Attitudes toward salient political issues also differed among these groups. In the 2016 Gallup survey, Hispanics interviewed in Spanish expressed more dissatisfaction with how immigrants (78.3%) and Hispanics (63.4%) in society are treated than Hispanics interviewed in English, who stood at 59.7% and 46.5%, respectively. Similarly, 67.1% of Hispanics interviewed in Spanish in 2016 said they were very concerned someone they knew living in the U.S. illegally would be deported back to their home country if Donald Trump were elected president; only 39.8% of English speakers were equally concerned.

This previous research on Hispanics who were interviewed in Spanish helps suggest reasons for the increase in worry and stress in that group since the election, namely the recent uptick in heated rhetoric surrounding the immigration debate and renewed uncertainty on policy toward the illegal immigrant population.

Finding a New Normal Under Trump?

The increase in stress and worry among some Hispanics may prove temporary. New Gallup and Sharecare research shows daily worry among U.S. adults has declined but still exceeds pre-election levels. This suggests Americans may be gradually adjusting to the novel political landscape.

For Spanish-interviewed Hispanics, daily worry has dipped after Trump's inauguration but remains higher than before his election. In contrast, the increased probability among Hispanics interviewed in Spanish to experience daily stress does not show a similar decline.

Stress and Worry Broken Down Since Trump Election?
% Worry % Stress
Spanish-language Hispanic English-language Hispanic White Black Spanish-language Hispanic English-language Hispanic White Black
Aug. 1-Nov. 8, 2016 23.2 28.7 32.0 22.2 21.8 38.7 45.4 30.9
Nov. 9, 2016-Jan. 19, 2017 31.4* 28.6 32.8 22.9 28.7* 38.2 45.0 30.0
Jan. 20-March 30, 2017 30.3* 29.7 35.3* 24.4 28.7* 38.9 46.1 31.3
April 1-June 30, 2017 27.8* 29.3 34.2* 25.4* 30.0* 37.4 46.0 33.0
* statistically significant at the p<0.05 level compared with the first period
Gallup-Sharecare Well-Being Index

Bottom Line

Trump's election affected segments of the population differently. Hispanics whom Gallup interviewed in Spanish reported a greater increase in daily worry and stress than Hispanics interviewed in English. Six months into the new administration, this daily stress among Hispanics interviewed in Spanish does not appear to be moving back toward pre-election levels.

The heated rhetoric surrounding the immigration debate likely increases this sense of societal isolation and vulnerability. Uncertainty over the status of Deferred Action for Childhood Arrivals (DACA), the legal status of sanctuary cities, and modified Immigration and Customs Enforcement (ICE) policies also may be adding to increased worry and stress.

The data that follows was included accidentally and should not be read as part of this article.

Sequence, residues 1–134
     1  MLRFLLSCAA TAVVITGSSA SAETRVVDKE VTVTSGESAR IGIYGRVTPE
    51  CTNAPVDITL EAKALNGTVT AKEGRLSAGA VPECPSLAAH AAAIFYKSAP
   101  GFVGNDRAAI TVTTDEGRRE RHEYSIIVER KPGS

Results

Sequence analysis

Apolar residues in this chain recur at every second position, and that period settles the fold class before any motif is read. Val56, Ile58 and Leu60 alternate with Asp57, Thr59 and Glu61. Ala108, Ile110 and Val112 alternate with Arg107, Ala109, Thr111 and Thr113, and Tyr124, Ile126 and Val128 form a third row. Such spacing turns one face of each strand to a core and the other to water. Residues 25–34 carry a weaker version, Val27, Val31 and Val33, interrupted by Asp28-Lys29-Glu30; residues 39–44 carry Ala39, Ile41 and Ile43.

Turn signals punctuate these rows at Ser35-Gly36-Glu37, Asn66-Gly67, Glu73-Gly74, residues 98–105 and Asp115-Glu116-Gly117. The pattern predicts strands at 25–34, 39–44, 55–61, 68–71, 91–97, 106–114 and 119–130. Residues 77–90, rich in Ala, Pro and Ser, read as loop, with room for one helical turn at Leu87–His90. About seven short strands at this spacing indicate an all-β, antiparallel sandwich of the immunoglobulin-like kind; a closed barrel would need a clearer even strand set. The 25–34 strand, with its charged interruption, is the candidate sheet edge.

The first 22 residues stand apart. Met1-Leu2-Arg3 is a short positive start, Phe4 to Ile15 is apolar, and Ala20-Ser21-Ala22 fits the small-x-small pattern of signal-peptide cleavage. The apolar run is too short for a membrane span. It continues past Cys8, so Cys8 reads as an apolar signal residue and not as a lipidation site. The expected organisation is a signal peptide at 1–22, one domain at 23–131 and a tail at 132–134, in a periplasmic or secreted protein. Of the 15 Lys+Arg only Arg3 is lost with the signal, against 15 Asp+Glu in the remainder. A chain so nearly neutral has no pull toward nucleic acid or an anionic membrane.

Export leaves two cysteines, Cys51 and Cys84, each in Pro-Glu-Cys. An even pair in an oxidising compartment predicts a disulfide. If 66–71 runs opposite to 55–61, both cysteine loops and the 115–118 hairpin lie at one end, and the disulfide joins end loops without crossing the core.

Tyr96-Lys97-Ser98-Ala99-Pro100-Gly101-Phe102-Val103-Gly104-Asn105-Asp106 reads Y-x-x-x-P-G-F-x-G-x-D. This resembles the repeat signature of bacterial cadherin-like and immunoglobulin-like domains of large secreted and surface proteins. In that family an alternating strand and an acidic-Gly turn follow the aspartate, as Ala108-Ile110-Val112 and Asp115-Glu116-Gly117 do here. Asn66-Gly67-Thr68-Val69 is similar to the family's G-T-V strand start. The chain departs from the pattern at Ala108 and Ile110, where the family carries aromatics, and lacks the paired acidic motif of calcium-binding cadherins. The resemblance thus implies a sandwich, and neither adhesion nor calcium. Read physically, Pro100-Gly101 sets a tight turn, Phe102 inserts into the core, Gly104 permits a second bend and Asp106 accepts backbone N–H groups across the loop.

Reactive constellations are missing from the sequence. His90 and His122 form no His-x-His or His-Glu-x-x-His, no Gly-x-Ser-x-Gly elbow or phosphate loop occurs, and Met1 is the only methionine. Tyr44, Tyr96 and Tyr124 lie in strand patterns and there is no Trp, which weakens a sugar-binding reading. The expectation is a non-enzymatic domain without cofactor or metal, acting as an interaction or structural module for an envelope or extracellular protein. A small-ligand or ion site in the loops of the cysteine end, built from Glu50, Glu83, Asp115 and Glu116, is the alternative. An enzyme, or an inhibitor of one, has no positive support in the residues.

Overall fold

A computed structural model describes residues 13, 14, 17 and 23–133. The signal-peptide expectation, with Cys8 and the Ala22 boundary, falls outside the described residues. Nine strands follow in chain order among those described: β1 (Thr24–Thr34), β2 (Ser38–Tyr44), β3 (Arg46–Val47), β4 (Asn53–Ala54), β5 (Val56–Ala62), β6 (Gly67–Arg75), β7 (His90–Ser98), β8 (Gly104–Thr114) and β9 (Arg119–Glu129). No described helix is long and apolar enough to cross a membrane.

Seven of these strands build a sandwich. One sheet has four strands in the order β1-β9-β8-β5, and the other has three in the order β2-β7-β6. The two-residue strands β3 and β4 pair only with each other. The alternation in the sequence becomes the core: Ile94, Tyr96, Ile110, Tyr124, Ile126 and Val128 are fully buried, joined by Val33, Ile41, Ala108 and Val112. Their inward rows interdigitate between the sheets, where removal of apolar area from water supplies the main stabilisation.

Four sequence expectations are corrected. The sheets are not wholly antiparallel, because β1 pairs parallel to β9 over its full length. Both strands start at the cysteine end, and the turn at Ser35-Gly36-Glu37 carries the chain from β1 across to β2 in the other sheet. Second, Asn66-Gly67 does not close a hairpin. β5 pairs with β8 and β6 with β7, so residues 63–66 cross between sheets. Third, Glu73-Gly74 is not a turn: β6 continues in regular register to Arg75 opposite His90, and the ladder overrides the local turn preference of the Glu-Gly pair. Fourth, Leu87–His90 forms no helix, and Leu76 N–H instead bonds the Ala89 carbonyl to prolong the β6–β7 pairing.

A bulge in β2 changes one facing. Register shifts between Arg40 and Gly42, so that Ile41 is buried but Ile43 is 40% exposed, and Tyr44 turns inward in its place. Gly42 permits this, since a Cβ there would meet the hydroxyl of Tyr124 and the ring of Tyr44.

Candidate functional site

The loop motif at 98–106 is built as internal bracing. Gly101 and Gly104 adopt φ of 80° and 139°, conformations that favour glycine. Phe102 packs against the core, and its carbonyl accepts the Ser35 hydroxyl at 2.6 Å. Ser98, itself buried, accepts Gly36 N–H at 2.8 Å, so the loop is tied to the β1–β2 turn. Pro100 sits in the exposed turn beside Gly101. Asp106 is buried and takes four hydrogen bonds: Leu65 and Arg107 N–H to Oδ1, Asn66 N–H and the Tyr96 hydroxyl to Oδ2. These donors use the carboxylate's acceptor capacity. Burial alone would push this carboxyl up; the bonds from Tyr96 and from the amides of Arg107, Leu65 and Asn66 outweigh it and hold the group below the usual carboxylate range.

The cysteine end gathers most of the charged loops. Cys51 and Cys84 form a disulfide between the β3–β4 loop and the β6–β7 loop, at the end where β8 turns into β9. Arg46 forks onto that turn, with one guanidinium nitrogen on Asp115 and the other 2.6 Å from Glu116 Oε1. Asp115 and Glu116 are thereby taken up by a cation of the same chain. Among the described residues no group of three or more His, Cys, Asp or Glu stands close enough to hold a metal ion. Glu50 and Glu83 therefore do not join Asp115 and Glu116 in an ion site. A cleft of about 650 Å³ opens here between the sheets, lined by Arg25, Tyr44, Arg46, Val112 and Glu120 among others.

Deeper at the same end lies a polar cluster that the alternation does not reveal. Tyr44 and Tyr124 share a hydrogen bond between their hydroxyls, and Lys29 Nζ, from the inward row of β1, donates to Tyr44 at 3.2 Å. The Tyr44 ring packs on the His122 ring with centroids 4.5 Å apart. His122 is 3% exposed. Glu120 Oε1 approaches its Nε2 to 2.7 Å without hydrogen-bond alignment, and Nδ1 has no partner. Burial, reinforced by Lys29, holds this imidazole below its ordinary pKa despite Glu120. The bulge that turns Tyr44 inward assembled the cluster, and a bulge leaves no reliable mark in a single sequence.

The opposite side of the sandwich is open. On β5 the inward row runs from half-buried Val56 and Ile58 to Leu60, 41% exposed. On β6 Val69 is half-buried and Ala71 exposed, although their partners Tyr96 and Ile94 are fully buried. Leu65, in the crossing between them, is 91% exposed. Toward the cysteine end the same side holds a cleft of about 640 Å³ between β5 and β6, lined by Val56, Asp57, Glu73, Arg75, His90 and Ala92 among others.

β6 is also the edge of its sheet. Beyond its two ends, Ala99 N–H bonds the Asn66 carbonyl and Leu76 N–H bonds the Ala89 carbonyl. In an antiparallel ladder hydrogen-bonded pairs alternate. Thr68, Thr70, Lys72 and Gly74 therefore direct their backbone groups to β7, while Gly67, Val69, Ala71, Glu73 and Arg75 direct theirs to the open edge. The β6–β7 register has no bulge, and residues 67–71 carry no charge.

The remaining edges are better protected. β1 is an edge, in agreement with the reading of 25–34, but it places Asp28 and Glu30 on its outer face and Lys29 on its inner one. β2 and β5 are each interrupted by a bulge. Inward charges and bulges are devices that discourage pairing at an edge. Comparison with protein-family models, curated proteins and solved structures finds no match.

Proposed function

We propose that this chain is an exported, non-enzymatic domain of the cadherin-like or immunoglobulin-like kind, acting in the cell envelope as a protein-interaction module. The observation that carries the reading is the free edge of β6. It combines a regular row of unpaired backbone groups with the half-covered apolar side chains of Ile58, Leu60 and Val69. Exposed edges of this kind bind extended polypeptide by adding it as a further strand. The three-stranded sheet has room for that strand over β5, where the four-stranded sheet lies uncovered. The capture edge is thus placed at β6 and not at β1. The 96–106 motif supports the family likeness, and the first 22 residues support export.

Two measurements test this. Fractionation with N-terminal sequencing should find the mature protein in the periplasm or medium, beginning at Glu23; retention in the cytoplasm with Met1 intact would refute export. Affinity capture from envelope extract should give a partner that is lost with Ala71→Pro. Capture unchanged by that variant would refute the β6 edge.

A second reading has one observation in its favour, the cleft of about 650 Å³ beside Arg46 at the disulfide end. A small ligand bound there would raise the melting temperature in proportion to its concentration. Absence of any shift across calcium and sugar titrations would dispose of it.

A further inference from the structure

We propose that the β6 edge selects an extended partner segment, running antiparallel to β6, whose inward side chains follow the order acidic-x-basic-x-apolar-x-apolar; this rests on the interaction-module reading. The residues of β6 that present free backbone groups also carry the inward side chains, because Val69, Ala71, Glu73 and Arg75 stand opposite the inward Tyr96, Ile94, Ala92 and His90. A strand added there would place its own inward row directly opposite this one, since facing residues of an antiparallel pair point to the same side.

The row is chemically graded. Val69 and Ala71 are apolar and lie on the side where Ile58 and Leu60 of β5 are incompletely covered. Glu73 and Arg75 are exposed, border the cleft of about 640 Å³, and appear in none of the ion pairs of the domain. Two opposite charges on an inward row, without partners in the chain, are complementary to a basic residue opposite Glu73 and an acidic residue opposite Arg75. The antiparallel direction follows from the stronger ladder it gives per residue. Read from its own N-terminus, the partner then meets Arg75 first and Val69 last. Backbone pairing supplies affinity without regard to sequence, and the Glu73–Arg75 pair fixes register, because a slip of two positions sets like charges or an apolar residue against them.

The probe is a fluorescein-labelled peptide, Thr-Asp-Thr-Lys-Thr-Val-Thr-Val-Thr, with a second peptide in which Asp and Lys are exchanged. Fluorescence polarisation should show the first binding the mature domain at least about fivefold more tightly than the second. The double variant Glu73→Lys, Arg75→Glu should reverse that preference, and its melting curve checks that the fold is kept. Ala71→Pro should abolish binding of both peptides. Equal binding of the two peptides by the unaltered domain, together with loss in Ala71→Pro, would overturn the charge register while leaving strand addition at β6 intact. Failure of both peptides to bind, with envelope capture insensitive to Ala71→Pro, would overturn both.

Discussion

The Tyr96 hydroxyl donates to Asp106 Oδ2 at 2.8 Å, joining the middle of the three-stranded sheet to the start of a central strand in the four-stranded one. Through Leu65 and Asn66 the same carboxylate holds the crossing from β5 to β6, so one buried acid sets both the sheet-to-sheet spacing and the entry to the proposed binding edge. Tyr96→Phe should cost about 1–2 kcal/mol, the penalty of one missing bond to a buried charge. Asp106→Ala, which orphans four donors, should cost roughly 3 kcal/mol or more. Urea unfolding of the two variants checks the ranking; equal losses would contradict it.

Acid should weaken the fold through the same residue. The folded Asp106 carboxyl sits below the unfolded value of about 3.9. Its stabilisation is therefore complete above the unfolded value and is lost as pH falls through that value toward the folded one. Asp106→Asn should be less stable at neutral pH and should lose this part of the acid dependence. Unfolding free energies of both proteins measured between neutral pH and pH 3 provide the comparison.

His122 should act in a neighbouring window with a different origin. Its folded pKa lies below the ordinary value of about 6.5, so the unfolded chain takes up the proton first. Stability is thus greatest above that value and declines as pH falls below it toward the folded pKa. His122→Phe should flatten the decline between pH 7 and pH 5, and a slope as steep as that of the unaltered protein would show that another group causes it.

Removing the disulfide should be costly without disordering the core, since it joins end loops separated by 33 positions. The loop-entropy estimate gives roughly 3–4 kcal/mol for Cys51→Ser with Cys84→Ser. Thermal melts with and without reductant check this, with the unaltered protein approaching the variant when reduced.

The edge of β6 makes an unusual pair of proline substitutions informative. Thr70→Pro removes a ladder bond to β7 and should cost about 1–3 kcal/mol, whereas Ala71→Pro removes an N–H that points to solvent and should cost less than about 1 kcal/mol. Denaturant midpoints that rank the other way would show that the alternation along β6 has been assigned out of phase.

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Survey Methods

Results are based on telephone interviews conducted June 1, 2016-June 30, 2017, as part of the Gallup-Sharecare Well-Being Index survey, with a random sample of 123,272 adults, aged 18 and older, living in all 50 U.S. states and the District of Columbia.

Sample Size and Margin of Error for Gallup-Sharecare Well-Being Index
Sample Size Margin of Error
n ± (pct. pts.)
June 1-Nov. 8, 2016
Spanish-language Hispanic 1,787 1.6
English-language Hispanic 4,104 1.4
All Hispanic 5,892 1.2
White 35,437 0.6
Black 5,363 1.2
Nov. 9, 2016-Jun. 30, 2017
Spanish-language Hispanic 2,669 1.6
English-language Hispanic 7,057 1.1
All Hispanic 9,716 1.0
White 55,160 0.5
Black 8,512 1.0
Aug. 1-Nov. 8, 2016
Spanish-Language Hispanic 1,079 2.0
English-Language Hispanic 2,532 1.7
White 22,315 0.7
Black 3,313 1.3
Nov. 9, 2016-Jan 19, 2017
Spanish-language Hispanic 804 2.8
English-language Hispanic 1,829 2.1
White 15,188 0.9
Black 2,245 1.6
Jan. 20-March 30, 2017
Spanish-language Hispanic 856 2.7
English-language Hispanic 2,315 1.9
White 17,784 0.8
Black 2,751 1.6
April 1-June 30, 2017
Spanish-language Hispanic 1,009 2.4
English-language Hispanic 2,913 1.7
White 22,208 0.7
Black 3,514 1.4
Gallup-Sharecare Well-Being Index

Results from the 2016 Gallup Minority Rights and Relations survey are based on telephone interviews conducted June 7-July 1, 2016, with a random sample of 906 Hispanics, aged 18 and older, living in all 50 U.S. states and the District of Columbia. For results based on the total sample of Hispanic adults, the margin of sampling error is ±6 percentage points at the 95% confidence level.

Gallup